How to know exactly what the Bhagavad Gita text says

The Gita is a book of practical mystical instruction. Though there are descriptions of the world-scheme, it is not an argued metaphysical treatise. The text is in beautiful but simple Sanskrit verse, easy to memorize, and arousing devotion, energy, intuition, and finally peace, in the memorizer. To know exactly what the Gita text says, read the 1913 ‘The Bhagavad Gita’ by Franklin Edgerton, a great scholar who made a special study of this text. He set himself (for the sake of students of Sanskrit) to follow the exact pattern of the original verses, so that each line of the English corresponds to that line of the Sanskrit. In spite of some oddities of English construction, the translation still reads reasonably. In its own terms, it is a masterpiece. Students are recommended to get the 1972 paperback edition (which omits the Sanskrit). Readers should note that he translated the then little-known …

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The mystical tradition and the intellectual tradition

The Bhagavad Gita (Song of the Lord) is an ancient Indian mystical poem, declaring that the world-process is a divine trick-of-illusion, into which the Lord himself has entered as the inner light of consciousness seemingly held fast in each individual self. He has set himself the problem of struggling free into his universal nature. The Gita is a revelation from the Lord-in-freedom to the Lords-in-bondage, expounding the truth, and giving the practices for returning to freedom. The earliest surviving texts are the Upanishad-s, some of them pre-600 BC. They declare the divine origin of the world, its illusory character, the divine manifestation in every element of it, the apparent bondage of the soul, and the methods for attaining freedom. These last are mainly independence of entanglements, search for the divine, leading to profound meditation, then transcendence of the mind in God-realization, culminating in freedom. The Upanishadic sages were experts in …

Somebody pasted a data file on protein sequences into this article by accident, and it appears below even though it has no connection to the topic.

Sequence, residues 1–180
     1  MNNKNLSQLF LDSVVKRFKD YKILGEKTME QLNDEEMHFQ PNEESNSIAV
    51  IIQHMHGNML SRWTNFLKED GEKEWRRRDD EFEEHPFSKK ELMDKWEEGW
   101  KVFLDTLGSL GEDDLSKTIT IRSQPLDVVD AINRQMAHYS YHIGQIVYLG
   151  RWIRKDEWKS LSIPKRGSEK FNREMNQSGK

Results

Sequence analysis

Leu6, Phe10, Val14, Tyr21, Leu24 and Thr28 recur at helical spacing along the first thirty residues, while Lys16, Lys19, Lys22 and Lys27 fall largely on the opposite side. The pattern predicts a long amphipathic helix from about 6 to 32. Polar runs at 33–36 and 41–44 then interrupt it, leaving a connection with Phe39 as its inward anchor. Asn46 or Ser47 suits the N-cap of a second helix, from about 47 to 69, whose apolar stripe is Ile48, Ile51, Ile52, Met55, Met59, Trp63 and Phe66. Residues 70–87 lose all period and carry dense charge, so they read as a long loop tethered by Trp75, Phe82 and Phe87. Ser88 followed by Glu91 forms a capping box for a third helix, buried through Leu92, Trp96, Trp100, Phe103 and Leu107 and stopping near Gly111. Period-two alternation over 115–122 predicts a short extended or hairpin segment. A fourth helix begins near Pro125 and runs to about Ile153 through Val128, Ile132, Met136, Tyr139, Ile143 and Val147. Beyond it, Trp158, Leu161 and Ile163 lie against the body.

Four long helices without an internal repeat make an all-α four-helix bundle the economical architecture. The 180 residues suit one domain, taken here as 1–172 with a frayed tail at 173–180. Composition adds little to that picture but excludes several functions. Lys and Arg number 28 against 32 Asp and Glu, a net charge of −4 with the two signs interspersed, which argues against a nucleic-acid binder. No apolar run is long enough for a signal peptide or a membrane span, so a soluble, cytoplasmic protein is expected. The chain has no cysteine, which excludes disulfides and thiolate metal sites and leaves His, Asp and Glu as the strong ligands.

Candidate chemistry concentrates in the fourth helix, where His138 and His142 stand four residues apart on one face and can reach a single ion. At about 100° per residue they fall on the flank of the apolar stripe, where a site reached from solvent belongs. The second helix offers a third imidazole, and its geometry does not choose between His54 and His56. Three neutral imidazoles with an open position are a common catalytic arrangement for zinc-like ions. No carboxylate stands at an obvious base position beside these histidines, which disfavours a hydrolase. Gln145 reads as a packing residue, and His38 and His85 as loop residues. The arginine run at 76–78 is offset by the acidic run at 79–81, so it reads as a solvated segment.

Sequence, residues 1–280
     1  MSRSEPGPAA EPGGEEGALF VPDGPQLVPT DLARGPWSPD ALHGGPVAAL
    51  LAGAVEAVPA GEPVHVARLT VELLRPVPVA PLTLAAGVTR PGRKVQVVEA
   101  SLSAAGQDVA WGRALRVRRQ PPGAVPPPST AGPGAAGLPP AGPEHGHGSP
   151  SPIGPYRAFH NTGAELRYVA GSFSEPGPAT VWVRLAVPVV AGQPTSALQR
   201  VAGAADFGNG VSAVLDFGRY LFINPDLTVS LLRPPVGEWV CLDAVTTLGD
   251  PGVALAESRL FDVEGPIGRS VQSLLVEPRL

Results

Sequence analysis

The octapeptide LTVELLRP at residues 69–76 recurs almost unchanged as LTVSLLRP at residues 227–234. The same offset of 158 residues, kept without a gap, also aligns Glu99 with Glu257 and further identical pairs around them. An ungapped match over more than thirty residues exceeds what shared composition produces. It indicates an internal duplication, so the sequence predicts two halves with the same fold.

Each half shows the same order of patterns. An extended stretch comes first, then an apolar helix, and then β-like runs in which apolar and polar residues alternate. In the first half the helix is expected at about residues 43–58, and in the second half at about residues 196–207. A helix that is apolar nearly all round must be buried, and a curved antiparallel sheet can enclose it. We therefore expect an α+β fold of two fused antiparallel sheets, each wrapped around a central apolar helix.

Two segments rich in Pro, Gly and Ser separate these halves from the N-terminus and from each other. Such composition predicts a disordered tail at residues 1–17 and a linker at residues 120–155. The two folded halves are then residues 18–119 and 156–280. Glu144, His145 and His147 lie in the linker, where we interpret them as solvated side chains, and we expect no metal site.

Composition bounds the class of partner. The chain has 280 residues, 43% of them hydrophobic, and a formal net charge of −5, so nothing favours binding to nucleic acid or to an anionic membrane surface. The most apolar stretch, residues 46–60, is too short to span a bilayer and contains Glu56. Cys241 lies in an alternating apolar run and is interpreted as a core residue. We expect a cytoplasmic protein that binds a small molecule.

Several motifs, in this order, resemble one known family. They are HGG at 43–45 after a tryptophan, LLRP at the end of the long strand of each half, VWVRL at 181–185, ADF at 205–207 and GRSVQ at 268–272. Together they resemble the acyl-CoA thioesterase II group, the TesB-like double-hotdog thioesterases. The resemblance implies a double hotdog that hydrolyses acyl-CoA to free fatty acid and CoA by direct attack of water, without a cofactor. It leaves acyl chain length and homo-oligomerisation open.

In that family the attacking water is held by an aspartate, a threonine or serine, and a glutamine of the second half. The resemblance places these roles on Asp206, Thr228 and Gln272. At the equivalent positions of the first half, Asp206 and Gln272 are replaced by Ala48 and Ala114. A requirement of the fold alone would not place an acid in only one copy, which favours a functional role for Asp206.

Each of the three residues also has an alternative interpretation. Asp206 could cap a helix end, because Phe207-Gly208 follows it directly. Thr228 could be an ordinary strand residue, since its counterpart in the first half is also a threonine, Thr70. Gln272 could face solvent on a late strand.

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Shri Shankara’s commentary on the Bhagavad Gita

The Bhagavad Gītā (Song of the Lord) is an ancient Indian mystical poem, declaring that the world-process is a divine trick-of-illusion, into which the Lord himself has entered as the inner light of consciousness seemingly held fast in each individual self. He has set himself the problem of struggling free into his universal nature. The Gītā is a revelation from the Lord-in-freedom to the Lords-in-bondage, expounding the truth, and giving the practices for returning to freedom. The earliest surviving texts are the Upaniṣad-s, some of them pre-600 BC. They declare the divine origin of the world, its illusory character, the divine manifestation in every element of it, the apparent bondage of the soul, and the methods for attaining freedom. These last are mainly independence of entanglements, search for the divine, leading to profound meditation, then transcendence of the mind in God-realization, culminating in freedom. The Upaniṣadic sages were experts in …

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The Bhagavad Gita is a book of practical mystical instruction

The Gītā is a book of practical mystical instruction. Though there are descriptions of the world-scheme, it is not an argued metaphysical treatise. The text is in beautiful but simple Sanskrit verse, easy to memorize, and arousing devotion, energy, intuition, and finally peace in the memorizer. To know exactly what the Gītā text says, read the 1913 Harvard University Press The Bhagavad Gita by Franklin Edgerton, a great scholar who made a special study of this text. He set himself (for the sake of students of Sanskrit) to follow the exact pattern of the original verses, so that each line of the English corresponds to that line of the Sanskrit. In spite of some oddities of English construction, the translation still reads reasonably: in its own terms, it is a masterpiece. Students of the present book are recommended to get the 1972 paperback edition (which omits the Sanskrit). Readers should …

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A string of pearls, is an image used in the Bhagavad Gita

A string of jewels, a string of pearls, is an image used in the Gita. The fact is that if pearls individually and scattered all over the place in dusty corners, have no beauty.    They are of no ornamental value, and of little other value.  But when they are brought together in a string they make a most beautiful necklace. They can be strung together in various ways.  If you see black pearls they are very valuable especially the big ones, but they look horrible. They look like ordinary pearls rinsed in ink, but they are very valuable.  Sometimes the necklace has a big black pearl and two or three ordinary pearls and another black pearl, sometimes all the black pearls are put together and are arranged in gradation of size.  There are many such ways of arranging them on a string to make a necklace. In the same way, …

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